A Texas father foiled a potential mass shooting last week after he informed Fort Worth police that his son was allegedly trying to purchase guns to commit a mass shooting.

Police spokesman Officer Buddy Calzada said that a 27-year-old white male professed his desire to “kill as many” people as he could after a series of mass shootings in the state, The Fort Worth Star-Telegram reported Tuesday.

“He made multiple statements to officers indicating he was going to harm many people, kill as many as he could, go to Midland-Odessa and kill people,” Calzada said.

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Seven people, including three members of law enforcement, were killed and dozens more injured last month during a shooting rampage in Midland and Odessa, Texas.

The man’s father called police last week and reported that his son had withdrawn money with the purpose of going to buy guns.

The son was not able to purchase any firearms because he failed a background check at several businesses, according to police.

When officers located the suspect, he had more than $600 in cash and said he was trying to buy a gun off the street, the outlet reported.

This is reportedly not the first time police have interacted with this man. Officials said he is known to have several mental health issues.

He has since been checked into a local clinic to receive mental health care, police said. Details of his treatment will not be released.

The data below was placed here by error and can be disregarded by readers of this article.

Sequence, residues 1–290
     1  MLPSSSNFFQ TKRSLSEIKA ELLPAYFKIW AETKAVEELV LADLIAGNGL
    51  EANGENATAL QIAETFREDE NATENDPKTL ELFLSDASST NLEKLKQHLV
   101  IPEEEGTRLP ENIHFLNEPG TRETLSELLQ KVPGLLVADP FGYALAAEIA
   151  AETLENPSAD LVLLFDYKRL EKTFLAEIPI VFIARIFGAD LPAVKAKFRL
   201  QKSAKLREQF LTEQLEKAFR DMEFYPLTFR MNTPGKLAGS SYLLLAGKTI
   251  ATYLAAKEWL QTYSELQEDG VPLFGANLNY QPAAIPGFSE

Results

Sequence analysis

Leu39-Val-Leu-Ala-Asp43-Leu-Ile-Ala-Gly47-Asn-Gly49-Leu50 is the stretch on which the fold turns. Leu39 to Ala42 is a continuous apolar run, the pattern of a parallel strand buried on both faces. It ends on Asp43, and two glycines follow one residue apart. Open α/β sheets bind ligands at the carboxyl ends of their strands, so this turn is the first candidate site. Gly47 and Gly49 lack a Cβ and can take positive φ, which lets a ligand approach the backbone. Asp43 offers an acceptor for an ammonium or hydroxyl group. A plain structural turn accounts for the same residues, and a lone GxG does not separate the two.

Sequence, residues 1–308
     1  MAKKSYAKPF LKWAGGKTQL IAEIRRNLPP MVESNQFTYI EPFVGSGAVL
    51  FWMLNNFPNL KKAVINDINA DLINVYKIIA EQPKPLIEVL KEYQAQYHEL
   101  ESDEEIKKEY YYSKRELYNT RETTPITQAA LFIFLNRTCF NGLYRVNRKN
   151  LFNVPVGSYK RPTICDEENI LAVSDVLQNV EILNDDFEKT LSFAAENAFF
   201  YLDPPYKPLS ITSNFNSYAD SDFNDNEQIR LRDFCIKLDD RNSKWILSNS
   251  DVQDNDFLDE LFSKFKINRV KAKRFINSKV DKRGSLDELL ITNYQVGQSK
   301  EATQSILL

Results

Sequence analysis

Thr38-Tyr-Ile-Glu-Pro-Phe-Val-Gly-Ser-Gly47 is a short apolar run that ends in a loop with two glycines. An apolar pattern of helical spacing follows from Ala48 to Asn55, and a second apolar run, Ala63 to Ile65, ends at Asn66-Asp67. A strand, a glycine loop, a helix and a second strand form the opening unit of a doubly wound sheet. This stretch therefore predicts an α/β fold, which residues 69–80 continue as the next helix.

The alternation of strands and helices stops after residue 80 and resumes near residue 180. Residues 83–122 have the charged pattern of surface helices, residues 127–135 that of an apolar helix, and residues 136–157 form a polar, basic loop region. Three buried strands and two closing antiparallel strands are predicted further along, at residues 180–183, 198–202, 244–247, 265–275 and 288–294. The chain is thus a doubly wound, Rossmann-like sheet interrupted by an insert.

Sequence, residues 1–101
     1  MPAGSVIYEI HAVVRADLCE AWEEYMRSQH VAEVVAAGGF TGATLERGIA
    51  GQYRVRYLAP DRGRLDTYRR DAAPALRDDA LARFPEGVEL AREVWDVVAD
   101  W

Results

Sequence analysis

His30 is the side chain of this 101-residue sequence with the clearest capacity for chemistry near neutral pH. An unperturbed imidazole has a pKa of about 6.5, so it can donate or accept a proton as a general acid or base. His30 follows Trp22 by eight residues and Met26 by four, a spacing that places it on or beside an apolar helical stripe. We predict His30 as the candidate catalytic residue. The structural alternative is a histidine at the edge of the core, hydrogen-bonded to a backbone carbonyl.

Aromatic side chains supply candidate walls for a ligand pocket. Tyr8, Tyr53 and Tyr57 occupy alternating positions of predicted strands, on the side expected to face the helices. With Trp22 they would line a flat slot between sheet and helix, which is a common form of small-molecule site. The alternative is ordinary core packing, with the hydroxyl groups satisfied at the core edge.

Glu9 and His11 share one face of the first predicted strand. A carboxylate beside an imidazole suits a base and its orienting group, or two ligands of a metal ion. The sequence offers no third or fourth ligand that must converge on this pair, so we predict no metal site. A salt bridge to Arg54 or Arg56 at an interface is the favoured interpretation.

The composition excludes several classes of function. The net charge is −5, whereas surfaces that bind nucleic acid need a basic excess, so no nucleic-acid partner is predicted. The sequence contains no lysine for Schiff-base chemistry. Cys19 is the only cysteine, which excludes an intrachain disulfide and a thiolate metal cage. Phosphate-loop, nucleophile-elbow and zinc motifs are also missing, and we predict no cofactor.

Caldaza praised the man’s father for coming forward to report his son’s suspicious behavior.

“We are thankful someone spoke out and alerted the police,” he said. “We always encourage our citizens that if they see something, say something. And that is exactly what happened in this situation.”

The incident comes after a series of deadly mass shootings in Texas and other parts of the country.

Twenty-two people were killed when a gunman opened fire inside an El Paso, Texas, Walmart on Aug. 3. Nine people were killed and at least 27 were injured hours later when a gunman opened fire near a bar in Dayton, Ohio.

The FBI issued a statement warning of the potential for copycat attacks by domestic extremists “inspired” by the massacres.

"The FBI remains concerned that U.S.-based domestic violent extremists could become inspired by these and previous high-profile attacks to engage in similar acts of violence," the statement said. "The FBI asks the American public to report to law enforcement any suspicious activity that is observed either in person or online."